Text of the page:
A former student and Project Manager at Ooligan Press, Sarah Soards graduated from Portland State University’s master’s program in book publishing in June 2014. She now runs her own freelance publishing business dubbed Sword and Dagger Publishing Services. Sarah was gracious enough to answer a few questions regarding her time at Ooligan, her current career path, and how the two have intersected.
What brought you to PSU’s book publishing program?
I actually took a few Ooligan classes as an undergrad: Intro to Book Publishing, Book Editing, and Copyediting. I thought the classes sounded interesting, and I had always been curious about the production side of a book. So after I graduated with my bachelor’s degree, I wasn’t sure what I wanted to do, but I kept thinking about those Ooligan classes. Honestly, those three classes stand out the most in the clutter of my undergrad; they were well-taught, practical, and really fun. I wanted more of that type of education—a hands-on and academic approach. So I applied, and here I am!
What was your favorite project you were able to work on while being a part of Ooligan, and why?
Forgive Me If I’ve Told You This Before was such an amazing experience. I was able to work with the project almost start to finish. It was so incredible to work with Karelia on such a deep, gorgeous, funny, personal story. I got to be part of the numerous iterations of it and see it grow into this incredible piece of young adult literature. It was such an amazing team effort as well, and the investment really shows—the book was well-reviewed, went on tour with Tegan and Sara, and was nominated for a LAMBDA!
You recently created a company called Sword and Dagger Publishing Services alongside a fellow Ooligan alum. Tell us a little bit about what it is that Sword and Dagger does and what the inspiration was behind it.
Sword and Dagger Publishing Services is a full-service publishing firm. We offer editing, design, marketing, manuscript preparation, and self-publishing services to our clients. A family friend approached me and wanted me to take a look at this manuscript he had been sitting on for ten years. It needed a fair amount of work, so I enlisted Sarah Currin-Moles (my future business partner) for advice and help. We ended up partnering on the book, giving it a developmental edit, and Sarah copyedited it. My friend was super happy with the book, so we thought to ourselves—we could do this on a regular basis! It was literary fate really; my last name is pronounced “swords” while her last name means “dagger” in Irish. It naturally all fell into place after that. We both work on a little bit of everything, but our strengths really complement each other, and it’s been fantastic working with her.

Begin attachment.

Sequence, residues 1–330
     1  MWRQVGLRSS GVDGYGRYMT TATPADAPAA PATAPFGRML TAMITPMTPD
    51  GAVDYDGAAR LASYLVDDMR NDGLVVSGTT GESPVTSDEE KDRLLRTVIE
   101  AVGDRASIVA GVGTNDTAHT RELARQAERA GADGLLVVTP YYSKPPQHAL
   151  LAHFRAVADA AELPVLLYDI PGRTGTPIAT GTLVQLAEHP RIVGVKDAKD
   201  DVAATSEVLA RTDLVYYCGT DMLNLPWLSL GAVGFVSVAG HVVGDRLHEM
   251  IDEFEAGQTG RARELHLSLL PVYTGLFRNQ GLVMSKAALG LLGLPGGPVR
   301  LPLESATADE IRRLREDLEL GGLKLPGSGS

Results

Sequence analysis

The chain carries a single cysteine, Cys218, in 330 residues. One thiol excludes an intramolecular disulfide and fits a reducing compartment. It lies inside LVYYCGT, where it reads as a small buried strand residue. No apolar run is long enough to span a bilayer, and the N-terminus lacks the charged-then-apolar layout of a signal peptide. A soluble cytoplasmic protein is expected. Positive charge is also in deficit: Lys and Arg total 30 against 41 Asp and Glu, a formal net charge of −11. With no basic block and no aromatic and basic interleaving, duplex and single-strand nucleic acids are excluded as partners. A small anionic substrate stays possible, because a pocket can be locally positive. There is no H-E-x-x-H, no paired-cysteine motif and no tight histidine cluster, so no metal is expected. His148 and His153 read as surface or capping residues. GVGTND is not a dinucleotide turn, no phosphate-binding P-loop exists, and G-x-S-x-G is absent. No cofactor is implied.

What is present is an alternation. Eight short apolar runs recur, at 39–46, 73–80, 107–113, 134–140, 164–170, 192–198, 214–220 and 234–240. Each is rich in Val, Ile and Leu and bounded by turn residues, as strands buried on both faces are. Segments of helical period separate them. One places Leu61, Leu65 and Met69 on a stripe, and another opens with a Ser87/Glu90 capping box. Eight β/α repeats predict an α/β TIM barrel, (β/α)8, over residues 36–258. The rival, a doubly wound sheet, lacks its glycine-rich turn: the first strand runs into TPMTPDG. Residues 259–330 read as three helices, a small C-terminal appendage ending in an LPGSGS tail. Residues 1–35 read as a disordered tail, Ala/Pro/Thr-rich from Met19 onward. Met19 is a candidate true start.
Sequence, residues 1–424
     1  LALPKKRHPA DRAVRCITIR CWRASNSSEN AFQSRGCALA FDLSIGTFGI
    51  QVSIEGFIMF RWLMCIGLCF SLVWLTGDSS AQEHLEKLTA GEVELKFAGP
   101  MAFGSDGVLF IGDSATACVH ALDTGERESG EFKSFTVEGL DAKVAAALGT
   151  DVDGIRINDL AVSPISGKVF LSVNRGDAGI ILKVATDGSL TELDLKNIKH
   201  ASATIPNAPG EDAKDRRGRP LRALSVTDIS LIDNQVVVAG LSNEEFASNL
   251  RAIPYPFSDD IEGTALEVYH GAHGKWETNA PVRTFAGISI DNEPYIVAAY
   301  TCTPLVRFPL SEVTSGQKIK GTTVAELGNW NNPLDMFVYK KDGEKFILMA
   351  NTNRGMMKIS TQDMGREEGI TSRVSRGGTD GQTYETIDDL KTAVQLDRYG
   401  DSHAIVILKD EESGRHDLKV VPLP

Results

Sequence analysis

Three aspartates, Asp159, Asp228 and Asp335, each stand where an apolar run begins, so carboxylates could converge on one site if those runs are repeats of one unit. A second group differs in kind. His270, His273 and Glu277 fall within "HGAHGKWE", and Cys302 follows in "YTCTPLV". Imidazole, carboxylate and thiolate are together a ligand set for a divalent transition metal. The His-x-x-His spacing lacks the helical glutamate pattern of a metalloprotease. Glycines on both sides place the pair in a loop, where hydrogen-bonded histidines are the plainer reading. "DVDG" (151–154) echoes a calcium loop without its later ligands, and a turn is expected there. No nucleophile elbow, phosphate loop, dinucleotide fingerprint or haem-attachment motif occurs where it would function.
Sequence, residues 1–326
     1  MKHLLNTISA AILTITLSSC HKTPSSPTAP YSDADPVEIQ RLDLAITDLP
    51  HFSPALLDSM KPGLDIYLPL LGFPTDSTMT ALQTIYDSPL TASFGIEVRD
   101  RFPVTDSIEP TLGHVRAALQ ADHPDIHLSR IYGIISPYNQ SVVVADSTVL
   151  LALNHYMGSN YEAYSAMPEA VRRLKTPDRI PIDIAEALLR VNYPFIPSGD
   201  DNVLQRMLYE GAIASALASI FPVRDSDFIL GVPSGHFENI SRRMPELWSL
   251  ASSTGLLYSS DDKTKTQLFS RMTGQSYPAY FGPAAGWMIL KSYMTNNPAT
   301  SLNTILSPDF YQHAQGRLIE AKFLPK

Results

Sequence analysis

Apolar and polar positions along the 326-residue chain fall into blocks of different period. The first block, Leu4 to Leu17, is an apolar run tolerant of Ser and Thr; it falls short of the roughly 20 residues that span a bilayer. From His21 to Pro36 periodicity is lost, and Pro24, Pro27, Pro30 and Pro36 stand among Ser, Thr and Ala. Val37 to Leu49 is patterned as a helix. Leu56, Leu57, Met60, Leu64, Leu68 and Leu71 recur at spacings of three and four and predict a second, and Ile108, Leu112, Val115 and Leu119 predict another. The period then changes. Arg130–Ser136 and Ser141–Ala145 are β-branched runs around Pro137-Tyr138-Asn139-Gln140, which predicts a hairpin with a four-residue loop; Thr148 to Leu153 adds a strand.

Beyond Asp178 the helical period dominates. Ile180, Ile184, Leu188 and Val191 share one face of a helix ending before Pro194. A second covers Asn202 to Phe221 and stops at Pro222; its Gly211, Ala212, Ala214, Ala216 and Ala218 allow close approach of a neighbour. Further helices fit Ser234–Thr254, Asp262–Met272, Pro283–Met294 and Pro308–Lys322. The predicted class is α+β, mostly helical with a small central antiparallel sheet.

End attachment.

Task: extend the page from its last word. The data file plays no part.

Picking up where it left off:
How have you enjoyed your time as the cofounder of your own business so far? What has the experience been like?
It has been a blast so far! We’re working with some really interesting clients right now, and really looking forward to future projects. It’s been quite fulfilling to help people out and to utilize what I’ve learned from Ooligan. I think the most challenging aspect of owning your own business is making sure you have enough discipline. There isn’t a boss telling you to get to work or if a deadline has passed—the only person making you accountable is you. The other difficult aspect is that there isn’t anyone to turn to when a difficult issue comes up. For example, if a client decides to break contract or decides they don’t like the work you’ve done, you have to be very diplomatic. Because your decision affects not only your representation, but that of your business as well. It’s a learning curve, but luckily Sarah and I are able to bounce ideas off of one another and support each other.
What part of the book publishing program best prepared you for the work you are currently doing?
The ability to be flexible and adapt into any situation. Ooligan really teaches you how to think on your feet and be creative. You work with such a variety of people with different experiences—it really makes you think about your own strengths and weaknesses and how you can contribute to a project or workplace.
What would you say to a current Ooligan student hoping to start his or her own publishing-related business in the future?
I know this is beating a dead horse, but networking is so important! Especially in a city this small, you definitely want to reach out to anyone who could help/support you in beginning a business. Figure out what the knowledge gap in the market is—do tons of research! Lastly, keep business cards with you at all times; you never know when they’ll come in handy.